It's a known fact that it doesn't always work and that not all USB ports conform, what 'should' meet the standard may not. In any case, would you like a +5V alligator clip to accidentally touch your 3.3V micro in some random place, just because something moved? 500mA is more than enough to damage many 3.3V chips in that scenario. I can also see many people plugging this into one of those wall-wart style USB supplies that can supposedly supply an amp or possibly more - likely just a largish electro on the output of those. I expect SF sell them even. Far better to be safe than tempt fate and in any case a Barrel Jack - Alligator clip plug would like be a handy product all on its own - Suddenly SF have another new product :)
Even if your PC probably won't die because of this, there are situations where it would be surely better to not have those alligators clips hanging out. Think about non-properly designed USB hosts and hubs (i don't even want to know...). Or powering your circuit with the plug and then having the clips make a short on ICs.
Detachable clips sounds like a good compromise to me.
That's a barrel plug, not a barrel jack, right? It also doesn't state the size of the plug (I'm guessing it's the 2.1mm center variety).
It is a plug, sorry. And yes, it's intended to fit the Arduino and other products on our site that have a 5.5x2.1mm, center-positive barrel jack.
I think that it you guys should have put some kind of short circuit protection, cuz I'm seen a lot of burn out USB ports or even motherboard, just a thought. A diode will do the job but it take 0.3 to 0.6 volts down ;)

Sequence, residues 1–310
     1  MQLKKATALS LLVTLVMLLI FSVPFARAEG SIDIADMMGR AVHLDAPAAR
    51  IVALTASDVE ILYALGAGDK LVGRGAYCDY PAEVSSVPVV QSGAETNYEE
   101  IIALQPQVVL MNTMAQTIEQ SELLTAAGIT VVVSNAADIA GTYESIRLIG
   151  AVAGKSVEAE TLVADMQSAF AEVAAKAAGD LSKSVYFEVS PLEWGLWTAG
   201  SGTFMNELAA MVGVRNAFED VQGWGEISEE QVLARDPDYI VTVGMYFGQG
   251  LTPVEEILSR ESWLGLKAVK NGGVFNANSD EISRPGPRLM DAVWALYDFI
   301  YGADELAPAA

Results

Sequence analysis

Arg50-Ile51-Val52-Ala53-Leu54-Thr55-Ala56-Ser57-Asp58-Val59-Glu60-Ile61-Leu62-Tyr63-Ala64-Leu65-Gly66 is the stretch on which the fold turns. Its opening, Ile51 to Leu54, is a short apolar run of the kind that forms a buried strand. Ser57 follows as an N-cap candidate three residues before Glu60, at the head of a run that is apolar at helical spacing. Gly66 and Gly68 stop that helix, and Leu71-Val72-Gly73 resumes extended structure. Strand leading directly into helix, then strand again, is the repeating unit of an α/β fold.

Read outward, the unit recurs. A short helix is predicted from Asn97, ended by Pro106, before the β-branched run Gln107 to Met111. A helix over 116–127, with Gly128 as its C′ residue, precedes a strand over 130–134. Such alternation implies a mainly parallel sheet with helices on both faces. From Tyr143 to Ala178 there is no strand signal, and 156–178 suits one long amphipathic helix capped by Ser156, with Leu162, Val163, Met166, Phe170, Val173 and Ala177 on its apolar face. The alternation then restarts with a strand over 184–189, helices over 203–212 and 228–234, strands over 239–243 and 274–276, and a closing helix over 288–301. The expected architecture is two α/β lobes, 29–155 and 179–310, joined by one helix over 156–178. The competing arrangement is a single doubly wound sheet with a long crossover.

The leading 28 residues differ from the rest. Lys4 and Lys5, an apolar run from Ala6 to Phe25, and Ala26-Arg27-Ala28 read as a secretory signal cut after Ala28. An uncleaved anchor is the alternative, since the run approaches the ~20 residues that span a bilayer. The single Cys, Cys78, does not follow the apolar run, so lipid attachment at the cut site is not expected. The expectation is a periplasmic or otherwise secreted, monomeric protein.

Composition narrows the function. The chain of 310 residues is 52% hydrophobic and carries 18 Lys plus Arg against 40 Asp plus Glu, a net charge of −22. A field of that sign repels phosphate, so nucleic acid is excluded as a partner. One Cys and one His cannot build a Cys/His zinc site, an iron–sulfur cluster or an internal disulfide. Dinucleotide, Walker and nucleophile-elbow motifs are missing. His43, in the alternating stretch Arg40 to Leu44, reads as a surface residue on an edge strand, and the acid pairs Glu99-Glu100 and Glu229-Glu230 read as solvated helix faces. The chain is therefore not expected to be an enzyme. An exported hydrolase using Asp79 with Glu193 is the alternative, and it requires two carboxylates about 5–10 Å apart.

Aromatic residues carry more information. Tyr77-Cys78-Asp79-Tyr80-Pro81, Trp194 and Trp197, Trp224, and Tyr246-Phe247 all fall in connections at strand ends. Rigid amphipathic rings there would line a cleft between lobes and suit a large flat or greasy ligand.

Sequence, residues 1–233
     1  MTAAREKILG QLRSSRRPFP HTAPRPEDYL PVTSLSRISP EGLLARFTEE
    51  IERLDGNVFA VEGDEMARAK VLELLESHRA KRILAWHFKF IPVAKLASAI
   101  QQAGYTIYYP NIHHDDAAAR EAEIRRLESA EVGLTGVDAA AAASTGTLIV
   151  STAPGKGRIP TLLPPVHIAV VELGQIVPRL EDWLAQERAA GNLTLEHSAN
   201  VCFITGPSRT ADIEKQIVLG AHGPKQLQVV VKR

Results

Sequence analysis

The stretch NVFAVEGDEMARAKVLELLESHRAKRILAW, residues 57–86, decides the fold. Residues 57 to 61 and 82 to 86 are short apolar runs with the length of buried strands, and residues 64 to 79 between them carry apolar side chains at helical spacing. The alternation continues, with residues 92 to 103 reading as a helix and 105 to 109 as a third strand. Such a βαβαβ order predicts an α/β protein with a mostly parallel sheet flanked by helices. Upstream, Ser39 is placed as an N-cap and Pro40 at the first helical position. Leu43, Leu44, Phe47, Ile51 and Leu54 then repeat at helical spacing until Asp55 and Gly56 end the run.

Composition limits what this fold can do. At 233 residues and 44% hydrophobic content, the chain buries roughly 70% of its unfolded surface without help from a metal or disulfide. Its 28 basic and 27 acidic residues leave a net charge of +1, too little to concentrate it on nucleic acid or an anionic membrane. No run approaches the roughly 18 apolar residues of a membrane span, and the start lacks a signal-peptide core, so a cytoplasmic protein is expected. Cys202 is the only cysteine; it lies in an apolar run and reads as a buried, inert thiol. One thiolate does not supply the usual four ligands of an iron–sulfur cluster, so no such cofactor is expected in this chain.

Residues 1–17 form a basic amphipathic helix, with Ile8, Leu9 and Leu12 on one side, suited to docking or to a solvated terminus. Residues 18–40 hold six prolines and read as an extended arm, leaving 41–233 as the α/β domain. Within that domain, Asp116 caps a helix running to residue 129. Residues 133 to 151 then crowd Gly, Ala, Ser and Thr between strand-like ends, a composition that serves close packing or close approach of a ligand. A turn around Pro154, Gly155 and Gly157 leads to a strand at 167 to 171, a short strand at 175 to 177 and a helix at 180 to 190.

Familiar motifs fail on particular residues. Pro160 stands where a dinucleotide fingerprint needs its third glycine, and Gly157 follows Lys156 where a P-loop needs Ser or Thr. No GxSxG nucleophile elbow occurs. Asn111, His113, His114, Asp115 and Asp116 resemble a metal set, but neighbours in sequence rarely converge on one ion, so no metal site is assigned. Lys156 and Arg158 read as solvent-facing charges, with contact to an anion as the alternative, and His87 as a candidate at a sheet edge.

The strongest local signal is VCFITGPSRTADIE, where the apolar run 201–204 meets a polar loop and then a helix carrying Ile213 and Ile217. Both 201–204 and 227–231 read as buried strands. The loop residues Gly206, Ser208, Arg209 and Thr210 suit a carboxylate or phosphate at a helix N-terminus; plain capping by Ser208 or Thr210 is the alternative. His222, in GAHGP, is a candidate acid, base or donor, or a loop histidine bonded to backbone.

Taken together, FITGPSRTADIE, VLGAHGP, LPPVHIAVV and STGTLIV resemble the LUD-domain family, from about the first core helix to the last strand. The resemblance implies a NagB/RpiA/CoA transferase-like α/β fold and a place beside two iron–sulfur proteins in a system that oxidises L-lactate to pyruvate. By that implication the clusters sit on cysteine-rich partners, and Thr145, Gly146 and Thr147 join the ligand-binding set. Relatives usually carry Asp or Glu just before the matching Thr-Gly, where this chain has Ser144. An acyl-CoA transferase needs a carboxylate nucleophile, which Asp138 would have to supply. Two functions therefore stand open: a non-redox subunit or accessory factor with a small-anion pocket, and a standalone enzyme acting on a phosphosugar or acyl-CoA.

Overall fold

A diode will not provide any sort of short circuit protection.
I disagree. If I purchased this I wouldn't want random unmodifiable components hidden in the cable. A cable like this IMO should contain only copper...and terminators of course.
Actually, any USB port that actually conforms to the USB spec should have usb protection built into the port itself. Each USB port typically has it's own power switch and will automatically shut off in the event of an over-current situation. If you have proper drivers, you OS will even notify you.
this. we tested it with the alligator clips clipped together and never had a problem. it's not necessarily wise to do this, but at the same time, if you accidentally do, there shouldn't be an issue.
Right. Keep in mind that these protection circuits aren't perfect though. I have a friend who was powering a project off of USB and accidentally energized the circuit with reverse power from another source. The result was -5V applied to the USB bus. Luckily his Mac was still under warranty and he was able to bring it in, act all unknowing-like and say "it doesn't work anymore." I've had similar problems when a project was drawing pulsed power and may have been injecting some RF.
Bottom line: Be smart. Your computer is convenient for many things, but it's a whole lot more expensive than an LM8705 to replace.